Integrated Optical Coherence and Multiphoton Microscopy for Biomedical Applications
Optical imaging techniques such as optical coherence microscopy (OCM) and multiphoton microscopy (MPM) are emerging high resolution, noninvasive biomedical imaging modalities. The integration of these modalities into a single platform allows for simultaneous acquisition of both structural and functional information. By combining OCM, based on the endogenous light scattering properties of the sample, and MPM, based on fluorescence of endogenous or exogenous markers, this microscope provides complementary image contrast mechanisms useful in extracting more necessary information from the sample. Applications such as in vivo skin imaging and engineered tissue imaging have been studied and long-term tracking of cell populations and has been achieved in vivo. Currently, investigations of in vivo grafting of engineered skin tissues are being studied. By exploring the interactions between cells and these engineered tissues in vivo, these studies will ultimately help establish conditions necessary to produce more physiologically-relevant skin substitutes.
Windy Santa Cruz
Material Regeneration by Two-Stage Chemical Resins
Autonomous self-healing polymers repair damage without the use of external energy or human intervention. For this reason, self-healing polymers are ideal for complex aerospace materials that are expensive and difficult to repair/replace. While many healing strategies focus on micro-sized damage, regeneration of large volumes requires new concepts and approaches. We address the challenges arising from gravity and surface tension using a two-stage chemical resin. Beginning from a stable low-viscosity solution, the resin undergoes a rapid acid-catalyzed gelation followed by bulk polymerization of monomer solvent. The gel stage achieves the growth and restorative properties allowing the resin to span gaps in excess of 7.5 mm. The polymer stage completes the regenerative process by recovering the mechanical properties of the virgin substrate. We can tailor to multiple damage geometries by careful timing of these chemical transformations. This two-staged approach defines a new type of autonomic chemistry and further expands the healing capacity of microvascular materials.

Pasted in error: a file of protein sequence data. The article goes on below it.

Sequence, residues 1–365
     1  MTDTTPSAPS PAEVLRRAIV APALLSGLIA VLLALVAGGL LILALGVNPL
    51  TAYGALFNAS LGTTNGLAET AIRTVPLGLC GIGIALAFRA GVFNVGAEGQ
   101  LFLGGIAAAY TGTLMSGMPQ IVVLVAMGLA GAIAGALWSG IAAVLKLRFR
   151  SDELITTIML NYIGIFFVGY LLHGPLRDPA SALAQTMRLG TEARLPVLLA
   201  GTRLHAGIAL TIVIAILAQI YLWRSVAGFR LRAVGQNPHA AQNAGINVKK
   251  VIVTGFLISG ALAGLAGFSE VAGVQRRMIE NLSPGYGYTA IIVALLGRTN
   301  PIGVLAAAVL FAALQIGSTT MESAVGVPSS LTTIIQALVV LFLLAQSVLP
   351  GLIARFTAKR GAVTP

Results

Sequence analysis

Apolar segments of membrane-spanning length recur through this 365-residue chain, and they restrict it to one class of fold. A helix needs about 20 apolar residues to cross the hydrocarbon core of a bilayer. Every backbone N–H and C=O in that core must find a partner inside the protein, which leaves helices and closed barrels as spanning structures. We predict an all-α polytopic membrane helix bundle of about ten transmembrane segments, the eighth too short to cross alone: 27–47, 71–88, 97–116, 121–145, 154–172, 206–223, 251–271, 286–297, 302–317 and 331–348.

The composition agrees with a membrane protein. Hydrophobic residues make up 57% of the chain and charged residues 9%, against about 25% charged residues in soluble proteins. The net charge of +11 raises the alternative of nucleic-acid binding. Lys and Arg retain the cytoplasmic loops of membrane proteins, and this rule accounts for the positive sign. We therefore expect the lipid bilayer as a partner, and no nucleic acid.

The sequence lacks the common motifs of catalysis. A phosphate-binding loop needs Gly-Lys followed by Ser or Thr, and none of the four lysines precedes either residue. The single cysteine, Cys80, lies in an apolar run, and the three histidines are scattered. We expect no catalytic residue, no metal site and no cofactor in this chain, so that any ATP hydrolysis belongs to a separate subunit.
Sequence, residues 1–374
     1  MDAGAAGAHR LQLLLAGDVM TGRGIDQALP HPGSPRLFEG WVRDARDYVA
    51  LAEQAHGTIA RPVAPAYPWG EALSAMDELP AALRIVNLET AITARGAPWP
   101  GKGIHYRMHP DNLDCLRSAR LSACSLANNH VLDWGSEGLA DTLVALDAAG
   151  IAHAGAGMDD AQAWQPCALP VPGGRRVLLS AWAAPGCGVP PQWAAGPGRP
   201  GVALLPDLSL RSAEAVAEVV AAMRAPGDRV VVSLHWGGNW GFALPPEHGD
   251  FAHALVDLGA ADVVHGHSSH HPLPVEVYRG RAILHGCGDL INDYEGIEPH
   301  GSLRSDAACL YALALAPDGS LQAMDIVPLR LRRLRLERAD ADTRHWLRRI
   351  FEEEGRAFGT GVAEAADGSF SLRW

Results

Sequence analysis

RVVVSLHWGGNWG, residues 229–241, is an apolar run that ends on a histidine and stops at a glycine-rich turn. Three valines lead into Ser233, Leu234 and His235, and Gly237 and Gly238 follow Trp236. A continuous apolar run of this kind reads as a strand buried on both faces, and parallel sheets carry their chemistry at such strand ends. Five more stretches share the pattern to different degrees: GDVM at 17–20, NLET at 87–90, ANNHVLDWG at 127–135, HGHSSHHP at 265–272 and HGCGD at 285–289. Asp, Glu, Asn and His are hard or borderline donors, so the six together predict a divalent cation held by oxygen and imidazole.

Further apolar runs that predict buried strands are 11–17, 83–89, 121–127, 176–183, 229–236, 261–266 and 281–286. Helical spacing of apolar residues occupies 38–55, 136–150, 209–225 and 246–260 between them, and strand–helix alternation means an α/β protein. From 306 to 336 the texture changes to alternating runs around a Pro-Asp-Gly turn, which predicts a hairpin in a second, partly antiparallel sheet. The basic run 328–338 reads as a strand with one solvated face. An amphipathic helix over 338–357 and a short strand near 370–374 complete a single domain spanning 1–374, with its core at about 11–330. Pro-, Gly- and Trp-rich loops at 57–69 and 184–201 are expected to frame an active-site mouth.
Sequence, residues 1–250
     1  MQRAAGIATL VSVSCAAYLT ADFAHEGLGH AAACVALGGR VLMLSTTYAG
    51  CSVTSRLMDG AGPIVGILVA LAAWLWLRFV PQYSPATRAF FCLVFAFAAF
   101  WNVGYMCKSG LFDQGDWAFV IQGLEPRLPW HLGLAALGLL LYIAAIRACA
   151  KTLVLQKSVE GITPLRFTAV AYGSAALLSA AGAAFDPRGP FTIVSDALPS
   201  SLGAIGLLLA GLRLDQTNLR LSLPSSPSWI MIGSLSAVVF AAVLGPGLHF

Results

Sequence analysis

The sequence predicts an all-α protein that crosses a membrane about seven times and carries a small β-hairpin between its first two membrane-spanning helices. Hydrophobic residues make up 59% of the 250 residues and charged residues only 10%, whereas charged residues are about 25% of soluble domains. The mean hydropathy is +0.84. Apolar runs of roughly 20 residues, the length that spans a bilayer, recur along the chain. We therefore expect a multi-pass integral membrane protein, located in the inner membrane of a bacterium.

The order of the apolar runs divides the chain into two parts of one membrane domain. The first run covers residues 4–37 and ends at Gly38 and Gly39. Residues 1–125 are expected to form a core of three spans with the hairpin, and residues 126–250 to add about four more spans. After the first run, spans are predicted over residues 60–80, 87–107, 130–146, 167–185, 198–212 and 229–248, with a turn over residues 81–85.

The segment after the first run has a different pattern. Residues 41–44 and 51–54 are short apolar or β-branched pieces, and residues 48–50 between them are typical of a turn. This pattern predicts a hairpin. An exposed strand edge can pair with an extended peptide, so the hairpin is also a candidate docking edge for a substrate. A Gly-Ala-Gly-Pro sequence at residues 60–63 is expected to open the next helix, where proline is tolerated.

Cortical Reactivation of Related Stimuli and Its Association with Hippocampal Volume
Memory theories suggest that successful retrieval may depend on the ability to reactivate an item in the presence of related information. Research has shown that the presentation (or “preview”) of an item from a previously studied pair immediately prior to a test display facilitates the identification of the whole pair. It has been suggested that this facilitation occurs because the preview of the item may induce the reactivation of the representation of the related item. In the first use of the brain imaging technique the event related optical signal (EROS) for the study of long-term memory, we examined relational or associative aspects of memory. We found that a brain region known to be involved in face processing (region STS) was active not only when viewing faces during the study phase but also when viewing scenes at test that, through prior learning, were associated with specific faces. In a second study we found that this relational reactivation was positively correlated with hippocampal size (an area associated with declarative memory), which in turn was predictive of behavioral performance. These findings reveal cortical substrates of the reactivation of relational memories and its association with the hippocampus.